It’s happened three times since Christmas. We have met three honorably-discharged Iraqi and/or Afghanistan war veterans that were homeless. They were all very young and had one thing in common. When they got out, they got into trouble. Really quick. One guy only made it two weeks in civilian clothes. It took only slightly longer for the other two.

I want to focus in on the first guy we met. He was amazing to me. He’s exactly what you would think a proud soldier should look like. He was a decorated U.S. Army Ranger. Tall and muscular, he is a handsome fellow. He’s the kind of guy you would want with you if you’re in a tight spot.

I asked him what happened. He said that he had trouble adjusting. He said the jump from the battlefield in Afghanistan to the backyard with his wife and kid in Georgia should have been easy. Yet he felt edgy, out of step; he said that he couldn’t communicate right. One night he decided to go to a bar and cool down a little. It was there that things got out of control.

“Somebody said something. I don’t really remember what happened,” said the former Ranger. “Next thing I know, I was really punching this guy,” and he just froze as he was telling me the story. He said that he thinks about the war all the time.

One of my friends on the police force who was U.S. Army Airborne came out and talked with him, too. He said that the guy was legit. He had been there and done it.

Two weeks as a civilian and then 18 months in jail. He couldn’t believe that it had happened to him. When he was released from jail he returned home, but only for a day or two, and then he took off. He tried to go home several more times after that to his very understanding wife but he just couldn’t do it. “Why?” I asked. He said, “I know she loves me. I’m ashamed, embarrassed, can’t believe I did so good over there, then all this. I have disappointed myself and my family. It’s like I am lost. Just don’t know what to do.”

He had only been in Santa Monica for a couple of days when I met him. He had spent about two months in Venice. He said he knew he was going to get into serious trouble there but wanted to check out Santa Monica before he left the West Coast. He had been bouncing around trying to find the answer for awhile now. No luck yet.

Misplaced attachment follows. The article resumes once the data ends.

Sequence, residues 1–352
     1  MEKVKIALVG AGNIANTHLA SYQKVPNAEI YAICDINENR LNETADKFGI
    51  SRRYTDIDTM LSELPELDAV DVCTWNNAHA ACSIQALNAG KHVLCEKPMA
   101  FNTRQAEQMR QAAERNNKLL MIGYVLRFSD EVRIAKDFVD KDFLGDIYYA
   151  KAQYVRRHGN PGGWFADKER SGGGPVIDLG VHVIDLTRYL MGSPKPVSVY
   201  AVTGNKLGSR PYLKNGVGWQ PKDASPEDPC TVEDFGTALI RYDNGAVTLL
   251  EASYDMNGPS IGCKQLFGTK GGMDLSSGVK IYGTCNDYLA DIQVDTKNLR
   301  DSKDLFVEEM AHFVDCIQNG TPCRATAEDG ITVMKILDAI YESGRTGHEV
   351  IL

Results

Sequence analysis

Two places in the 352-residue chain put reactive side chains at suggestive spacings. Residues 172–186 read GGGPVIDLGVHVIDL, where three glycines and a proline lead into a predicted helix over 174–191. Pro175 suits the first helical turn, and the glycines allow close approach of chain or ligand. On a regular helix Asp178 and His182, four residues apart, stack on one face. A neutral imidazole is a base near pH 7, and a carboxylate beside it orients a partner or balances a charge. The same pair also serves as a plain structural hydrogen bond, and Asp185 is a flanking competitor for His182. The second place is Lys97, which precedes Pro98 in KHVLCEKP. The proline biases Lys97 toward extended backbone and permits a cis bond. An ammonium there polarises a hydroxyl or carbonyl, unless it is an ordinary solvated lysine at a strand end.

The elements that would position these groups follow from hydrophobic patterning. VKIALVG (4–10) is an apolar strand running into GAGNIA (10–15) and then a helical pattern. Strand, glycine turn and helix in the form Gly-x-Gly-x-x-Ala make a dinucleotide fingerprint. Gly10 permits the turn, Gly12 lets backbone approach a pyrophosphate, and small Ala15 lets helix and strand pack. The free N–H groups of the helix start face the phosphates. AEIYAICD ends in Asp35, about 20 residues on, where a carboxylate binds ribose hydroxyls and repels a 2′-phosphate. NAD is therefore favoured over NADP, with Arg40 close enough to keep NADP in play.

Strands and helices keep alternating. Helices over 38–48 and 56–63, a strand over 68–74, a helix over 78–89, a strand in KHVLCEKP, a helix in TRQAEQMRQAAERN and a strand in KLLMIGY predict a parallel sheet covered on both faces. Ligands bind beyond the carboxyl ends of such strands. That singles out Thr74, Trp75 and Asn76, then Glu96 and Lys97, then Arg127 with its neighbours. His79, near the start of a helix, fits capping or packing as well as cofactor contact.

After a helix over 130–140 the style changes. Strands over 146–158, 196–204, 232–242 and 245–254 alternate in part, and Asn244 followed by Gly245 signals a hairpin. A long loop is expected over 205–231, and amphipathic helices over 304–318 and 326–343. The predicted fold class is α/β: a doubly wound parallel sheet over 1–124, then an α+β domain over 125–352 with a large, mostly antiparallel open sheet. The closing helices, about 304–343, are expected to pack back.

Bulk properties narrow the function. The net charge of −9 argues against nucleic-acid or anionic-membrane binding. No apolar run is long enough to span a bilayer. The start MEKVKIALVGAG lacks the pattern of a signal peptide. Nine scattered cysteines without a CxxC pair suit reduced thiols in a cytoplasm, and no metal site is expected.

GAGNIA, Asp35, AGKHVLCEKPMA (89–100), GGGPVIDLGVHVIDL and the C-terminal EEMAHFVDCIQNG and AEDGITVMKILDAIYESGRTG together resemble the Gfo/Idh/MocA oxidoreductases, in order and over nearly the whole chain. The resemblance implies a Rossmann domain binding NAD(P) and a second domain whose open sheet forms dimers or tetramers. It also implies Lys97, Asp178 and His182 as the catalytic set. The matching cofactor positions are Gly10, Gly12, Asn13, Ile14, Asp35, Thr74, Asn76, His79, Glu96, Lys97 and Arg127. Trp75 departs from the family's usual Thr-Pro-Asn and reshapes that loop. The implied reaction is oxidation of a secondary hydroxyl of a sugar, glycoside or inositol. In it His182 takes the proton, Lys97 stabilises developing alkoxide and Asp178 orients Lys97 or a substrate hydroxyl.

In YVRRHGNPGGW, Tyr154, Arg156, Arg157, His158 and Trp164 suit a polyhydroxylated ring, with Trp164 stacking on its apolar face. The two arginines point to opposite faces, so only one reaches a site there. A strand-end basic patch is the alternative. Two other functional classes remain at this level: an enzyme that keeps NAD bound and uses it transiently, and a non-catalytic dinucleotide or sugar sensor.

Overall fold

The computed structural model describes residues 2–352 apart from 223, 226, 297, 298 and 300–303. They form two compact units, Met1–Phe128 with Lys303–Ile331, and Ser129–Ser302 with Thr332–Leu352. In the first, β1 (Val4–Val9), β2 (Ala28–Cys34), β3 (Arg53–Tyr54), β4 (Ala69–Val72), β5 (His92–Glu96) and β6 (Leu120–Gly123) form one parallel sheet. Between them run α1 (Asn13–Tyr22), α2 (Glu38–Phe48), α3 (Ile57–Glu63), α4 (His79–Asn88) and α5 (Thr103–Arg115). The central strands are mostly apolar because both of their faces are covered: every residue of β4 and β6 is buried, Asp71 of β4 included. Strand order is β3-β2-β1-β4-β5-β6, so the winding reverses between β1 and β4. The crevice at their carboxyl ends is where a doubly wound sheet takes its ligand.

I told him that there was help available for him. I asked him if he would like for me to take him to the Veterans Administration center and introduce him to some of the good folks that I know there. He said he wanted to wait until he gets home to get locked into the V.A.

I asked him if he wanted to call and talk to someone back home. “Can I do that?” he answered, sort of surprised. The only number he would let me dial for him was to a family friend. The whole conversation evolved around questions about his wife and child. “If you see them, tell ‘em that I love them,” was how he ended the conversation. The door was still open for him to go home.

When we saw him the next day he said that he wanted to start making his way east. His friend had offered him a place to stay. “Will you be close to your wife?” I asked. “In the same town,” he replied. “It will be the closest that I have been to home in over a year.”

We had a long conversation the day before he left. He said that he felt much better because he had bottled up a lot of stuff. I challenged him to keep talking about it, to get it out, say it, to hear what he is thinking, it will help him clear things up. He promised me that he would find a counselor in Georgia. He was ready to deal with it.

The transition from the battlefield doesn’t mean that you are going to be OK just because you arrived home in one piece. The wounds are often hidden from sight. They’re on the inside. There is a battle that still rages in the mind. The Ranger said, “Once you have been in hand-to-hand combat you are never the same.” It is one thing to fire on somebody from the distance. But when you have looked in a man’s eyes, experienced the struggle of a man fighting for his life, he said, “It’s hard to make the images go away.”

We are keeping tabs on him. He made it back to his family friend’s house in Georgia. Soon we hope to hear the words, “I’m home!” We wish you well, soldier.

Ron Hooks is the founder and executive director of West Coast Care, a nonprofit. WCC is part of the Santa Monica Police Department’s Joint Homeless Outreach Program. Since October 2006, more than 1,000 homeless have been compassionately helped to transition off of the streets of Santa Monica by reconnecting them with their families, placing them into housing and/or treatment programs. Learn more at

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